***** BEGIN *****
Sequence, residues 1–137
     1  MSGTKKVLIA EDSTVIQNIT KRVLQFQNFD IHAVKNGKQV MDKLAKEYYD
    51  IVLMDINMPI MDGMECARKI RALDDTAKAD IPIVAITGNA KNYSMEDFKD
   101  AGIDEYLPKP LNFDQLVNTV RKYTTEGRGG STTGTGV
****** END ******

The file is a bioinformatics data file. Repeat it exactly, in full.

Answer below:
Sequence, residues 1–137
     1  MSGTKKVLIA EDSTVIQNIT KRVLQFQNFD IHAVKNGKQV MDKLAKEYYD
    51  IVLMDINMPI MDGMECARKI RALDDTAKAD IPIVAITGNA KNYSMEDFKD
   101  AGIDEYLPKP LNFDQLVNTV RKYTTEGRGG STTGTGV